It takes 5minutes at most. The curve of the breast requires you to tilt it with tongs so that it all renders and crisps. 

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  • 3 months later...

I want to try the roasted duck from the Eleven Madison Park cookbook, but I would rather break the duck down prior to cooking. I have other plans for the legs, and I need to use the carcass for stock. The cookbook calls for trussing the duck, and cooking it in a 375F degree oven for 16 - 17 min. Should I have any issues doing the same thing but only roasting the breast on the bone? I don't want to sacrifice a duck just to find this out...

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Speaking of duck...I've never bought a duck in the grocery before. At Kroger t'other day, I looked just out of curiosity, and found one in the freezer case at the "sale" price of 3.99 a pound for a whole duck, about five pounds' worth.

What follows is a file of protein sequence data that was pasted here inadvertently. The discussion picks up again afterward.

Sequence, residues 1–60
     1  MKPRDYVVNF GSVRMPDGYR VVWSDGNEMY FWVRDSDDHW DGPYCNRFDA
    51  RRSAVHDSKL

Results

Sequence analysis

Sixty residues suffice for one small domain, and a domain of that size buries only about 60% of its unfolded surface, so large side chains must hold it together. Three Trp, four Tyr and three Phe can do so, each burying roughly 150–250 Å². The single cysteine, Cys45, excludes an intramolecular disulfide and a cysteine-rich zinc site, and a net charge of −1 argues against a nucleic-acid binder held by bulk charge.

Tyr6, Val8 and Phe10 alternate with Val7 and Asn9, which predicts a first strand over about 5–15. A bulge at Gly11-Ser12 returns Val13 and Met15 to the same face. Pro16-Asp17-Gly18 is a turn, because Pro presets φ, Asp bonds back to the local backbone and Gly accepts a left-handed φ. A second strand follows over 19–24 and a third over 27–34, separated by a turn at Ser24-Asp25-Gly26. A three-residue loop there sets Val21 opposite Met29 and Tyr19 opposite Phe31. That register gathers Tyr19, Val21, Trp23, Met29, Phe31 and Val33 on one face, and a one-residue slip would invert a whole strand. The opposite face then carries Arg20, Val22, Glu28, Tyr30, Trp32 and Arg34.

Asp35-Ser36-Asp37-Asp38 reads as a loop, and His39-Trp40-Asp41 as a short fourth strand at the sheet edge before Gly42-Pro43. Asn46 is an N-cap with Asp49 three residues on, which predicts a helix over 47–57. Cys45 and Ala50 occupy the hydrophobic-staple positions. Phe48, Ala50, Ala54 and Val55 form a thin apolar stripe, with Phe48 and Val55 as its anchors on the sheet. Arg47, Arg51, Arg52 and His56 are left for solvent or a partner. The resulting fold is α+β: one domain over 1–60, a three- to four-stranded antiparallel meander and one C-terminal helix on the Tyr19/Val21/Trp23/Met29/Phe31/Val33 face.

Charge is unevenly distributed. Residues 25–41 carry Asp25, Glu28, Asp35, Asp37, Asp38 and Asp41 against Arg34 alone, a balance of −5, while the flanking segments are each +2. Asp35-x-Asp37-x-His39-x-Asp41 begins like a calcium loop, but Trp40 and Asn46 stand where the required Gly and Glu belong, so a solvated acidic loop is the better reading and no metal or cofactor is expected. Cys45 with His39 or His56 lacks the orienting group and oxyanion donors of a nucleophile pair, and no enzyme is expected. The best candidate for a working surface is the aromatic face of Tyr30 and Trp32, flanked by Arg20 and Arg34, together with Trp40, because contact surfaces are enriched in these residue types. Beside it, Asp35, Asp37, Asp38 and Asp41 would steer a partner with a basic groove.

Is that a decent price for duck? I passed, partly because I don't need to put yet something else in the freezer, and partly because I thought I'd check at the local Asian market, which I have not yet done.

 

This one did not testify that it was a moulard, or what. Just a duck. I'm used to cooking wild ones, and have little experience with the farmed variety, other than what I've ordered in the past from Hudson River Foie Gras or iGourmet.

 

Don't ask. Eat it.

www.kayatthekeyboard.wordpress.com

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Most of the frozen duck in mainstream stores in the US is Pekin - those big white goobers https://en.wikipedia.org/wiki/American_Pekin

 

They are fat and relatively meaty - not comparable to wild from my understanding.  

 

The $4/pound may be average but I'd hold out and try the Asian markets as they move more of them so should have cost advantage.  Same with quail.

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1 hour ago, jnash85 said:

I’ve seen those ducks at Kroger. Never bought one. There is a local coop that carry’s higheR quality meats that I was going to purchase from. 

Don't think any of our local growers offer duck. I'll ask my beef/pork/chicken people.

 

7 minutes ago, heidih said: